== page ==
The Utilization of Old UDC Numbers
The recent trend in information searching is post-coordination that makes it possible that the user can combine the elements at the time of the search. The precondition of this is the existence of small content elements. New notations can be created relatively easily but we should also be able to make the mass of old UDC notations usable. Gabor Mandy, then a member of the Metropolitan Library of Budapest, catalogunig unit, suggested an easy method for the utilization of old (pre-2001) notations and gave a simple algorithm, in which complex notations can be broken down by a chain of small, single-purpose programs.
As an example, from the complex notation of 830-322.4 we can retrieve 830, 82-32 and 82-312.4 (German literature, short story, criminal theme). The same way, 372.851.1 can be understood as the combination of 372.8 and 511 (disciplines and number theory). The chain of programs makes sure that whatever element cannot be analysed by the actual program is passed on to the next one. The end result is the variety of elements which can be searched and combined in the post-coordinated search process.
Take this notation as an example of the computer analísis. The line to be examined contains the record ID and the complex notation.
Cut off the record ID (this is to travel with each element and points to the document).
The complex notation is:
32 is a class (politics), it is to be saved to the file of the resolved problems, together with the record ID:
(The % sign indicates that this is just an element of the contents, not a monography on politics in general. You can argue that everything is an elements and this should not be indicated but let us assume that there are monographs about each subject and we want to note the difference.)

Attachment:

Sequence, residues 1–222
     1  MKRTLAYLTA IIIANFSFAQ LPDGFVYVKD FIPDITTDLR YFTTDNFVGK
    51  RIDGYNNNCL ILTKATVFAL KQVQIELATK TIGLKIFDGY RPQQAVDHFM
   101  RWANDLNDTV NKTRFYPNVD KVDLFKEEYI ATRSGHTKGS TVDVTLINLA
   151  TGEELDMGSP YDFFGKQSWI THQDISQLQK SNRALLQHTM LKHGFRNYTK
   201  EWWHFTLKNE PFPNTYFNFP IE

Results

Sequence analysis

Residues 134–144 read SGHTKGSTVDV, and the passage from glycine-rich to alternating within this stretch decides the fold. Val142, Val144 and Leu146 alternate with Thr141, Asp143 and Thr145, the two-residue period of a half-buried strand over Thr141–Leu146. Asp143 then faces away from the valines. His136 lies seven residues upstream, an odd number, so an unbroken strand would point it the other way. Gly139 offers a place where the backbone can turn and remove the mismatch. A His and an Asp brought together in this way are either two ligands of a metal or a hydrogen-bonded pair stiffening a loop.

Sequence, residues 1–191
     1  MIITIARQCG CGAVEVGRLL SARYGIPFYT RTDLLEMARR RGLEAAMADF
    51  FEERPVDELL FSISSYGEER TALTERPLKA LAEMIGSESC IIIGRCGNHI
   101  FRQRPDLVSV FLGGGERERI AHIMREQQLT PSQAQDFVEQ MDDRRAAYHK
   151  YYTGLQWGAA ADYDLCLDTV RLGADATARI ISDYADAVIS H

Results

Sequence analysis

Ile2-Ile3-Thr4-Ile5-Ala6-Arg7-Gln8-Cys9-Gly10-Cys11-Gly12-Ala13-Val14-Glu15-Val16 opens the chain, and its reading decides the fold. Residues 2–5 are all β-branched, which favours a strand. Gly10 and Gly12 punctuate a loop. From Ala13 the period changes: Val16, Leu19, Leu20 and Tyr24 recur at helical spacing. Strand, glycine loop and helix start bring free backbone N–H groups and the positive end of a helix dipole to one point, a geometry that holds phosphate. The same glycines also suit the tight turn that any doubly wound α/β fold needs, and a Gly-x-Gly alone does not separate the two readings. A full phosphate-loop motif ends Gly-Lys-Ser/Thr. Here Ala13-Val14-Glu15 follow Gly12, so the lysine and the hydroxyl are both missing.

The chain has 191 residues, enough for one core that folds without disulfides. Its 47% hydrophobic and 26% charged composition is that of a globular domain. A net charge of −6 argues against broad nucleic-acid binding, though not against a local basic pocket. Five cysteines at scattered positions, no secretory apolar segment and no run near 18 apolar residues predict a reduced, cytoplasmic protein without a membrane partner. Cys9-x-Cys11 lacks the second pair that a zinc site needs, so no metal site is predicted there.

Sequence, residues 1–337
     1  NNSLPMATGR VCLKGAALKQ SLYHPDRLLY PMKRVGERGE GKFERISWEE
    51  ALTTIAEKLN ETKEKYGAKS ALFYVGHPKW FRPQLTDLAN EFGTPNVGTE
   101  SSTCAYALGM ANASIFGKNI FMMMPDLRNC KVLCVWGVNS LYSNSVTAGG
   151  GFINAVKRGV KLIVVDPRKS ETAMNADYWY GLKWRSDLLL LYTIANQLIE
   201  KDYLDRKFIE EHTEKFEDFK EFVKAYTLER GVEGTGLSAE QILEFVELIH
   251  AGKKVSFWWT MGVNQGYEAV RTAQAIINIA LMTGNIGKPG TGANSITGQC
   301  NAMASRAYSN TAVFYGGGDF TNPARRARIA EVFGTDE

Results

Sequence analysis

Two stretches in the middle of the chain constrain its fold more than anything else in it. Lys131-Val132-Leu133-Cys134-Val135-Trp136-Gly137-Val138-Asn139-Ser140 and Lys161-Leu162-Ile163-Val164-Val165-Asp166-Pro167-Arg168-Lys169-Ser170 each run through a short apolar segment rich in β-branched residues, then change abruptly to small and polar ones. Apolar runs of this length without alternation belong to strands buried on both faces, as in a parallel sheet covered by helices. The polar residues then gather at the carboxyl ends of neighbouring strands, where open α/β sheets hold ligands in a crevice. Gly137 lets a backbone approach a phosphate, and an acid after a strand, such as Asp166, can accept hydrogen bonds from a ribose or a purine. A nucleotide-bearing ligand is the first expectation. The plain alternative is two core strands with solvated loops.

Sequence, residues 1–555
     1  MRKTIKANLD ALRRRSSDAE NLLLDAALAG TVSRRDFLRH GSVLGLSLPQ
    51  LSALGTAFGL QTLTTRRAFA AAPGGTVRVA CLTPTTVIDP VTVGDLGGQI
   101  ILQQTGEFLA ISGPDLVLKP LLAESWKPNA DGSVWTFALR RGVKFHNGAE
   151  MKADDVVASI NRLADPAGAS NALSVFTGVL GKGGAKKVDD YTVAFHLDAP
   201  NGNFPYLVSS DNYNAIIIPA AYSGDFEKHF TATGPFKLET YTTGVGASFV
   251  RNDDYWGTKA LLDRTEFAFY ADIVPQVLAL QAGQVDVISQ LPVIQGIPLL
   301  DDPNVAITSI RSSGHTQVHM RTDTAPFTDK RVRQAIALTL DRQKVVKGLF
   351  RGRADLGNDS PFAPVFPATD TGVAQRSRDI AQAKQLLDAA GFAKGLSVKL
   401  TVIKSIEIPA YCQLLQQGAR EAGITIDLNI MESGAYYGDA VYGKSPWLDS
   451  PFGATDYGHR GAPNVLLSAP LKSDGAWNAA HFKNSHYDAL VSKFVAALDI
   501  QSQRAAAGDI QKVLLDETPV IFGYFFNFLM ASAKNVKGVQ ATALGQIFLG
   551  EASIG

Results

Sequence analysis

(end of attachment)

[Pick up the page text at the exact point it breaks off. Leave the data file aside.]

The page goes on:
The rest of the notation is to be analysed:
(4-11) is a composite geographic notation that needs to be broken down:
(4) is Europe and (1-11) is east as a direction. To be saved into the file of resolved problems are:
000003358453 %(4) and
(Again, the document is not about Europe or about the eastern direction in general.)
The rest of the notation indicates the time period:
It is also to be saved:
So, in the process of the post-coordinated search these elements can be combined and the hits
will point to the same document (with the 000003358453 record ID).
A further problem evolves from the simplified classification practices. Most libraries (at least in Hungary) did not indicate that a certain document is in the monography form. Another imperfection was that English literature in England was indicated by a simple 820 notation, instead of 820(42), only the English literary works outside England were given the geographical element, e.g. 820-32(73) as American novel. (The same with every national literature.)
If we want to be exact, we also should differentiate between the use of an element as the main subject of the document (such as 820-312.4 as English criminal novel) and as the type of approach (like in the case of the criminal short story, where the -312.4 element is only an analogy to indicate the subgenre).
However, taking into consideration the order of magnitude of the material to be processed and recatalogued, this last problem can be thought of less importance.
The essay in Hungarian was published in the journal Könyvtári Figyelő, with actual algorithms and programming samples.
Also, there is a webpage (in Hungarian) where you can see how the elements are derived from certain complex notations: